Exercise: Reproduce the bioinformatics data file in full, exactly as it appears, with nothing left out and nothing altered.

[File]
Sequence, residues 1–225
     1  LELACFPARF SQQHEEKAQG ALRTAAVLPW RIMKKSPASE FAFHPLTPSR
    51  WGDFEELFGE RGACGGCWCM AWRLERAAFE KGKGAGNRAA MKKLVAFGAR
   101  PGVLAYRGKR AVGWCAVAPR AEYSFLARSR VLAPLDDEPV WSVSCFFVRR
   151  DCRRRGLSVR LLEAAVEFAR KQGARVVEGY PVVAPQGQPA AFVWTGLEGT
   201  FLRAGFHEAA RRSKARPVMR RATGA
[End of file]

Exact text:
Sequence, residues 1–225
     1  LELACFPARF SQQHEEKAQG ALRTAAVLPW RIMKKSPASE FAFHPLTPSR
    51  WGDFEELFGE RGACGGCWCM AWRLERAAFE KGKGAGNRAA MKKLVAFGAR
   101  PGVLAYRGKR AVGWCAVAPR AEYSFLARSR VLAPLDDEPV WSVSCFFVRR
   151  DCRRRGLSVR LLEAAVEFAR KQGARVVEGY PVVAPQGQPA AFVWTGLEGT
   201  FLRAGFHEAA RRSKARPVMR RATGA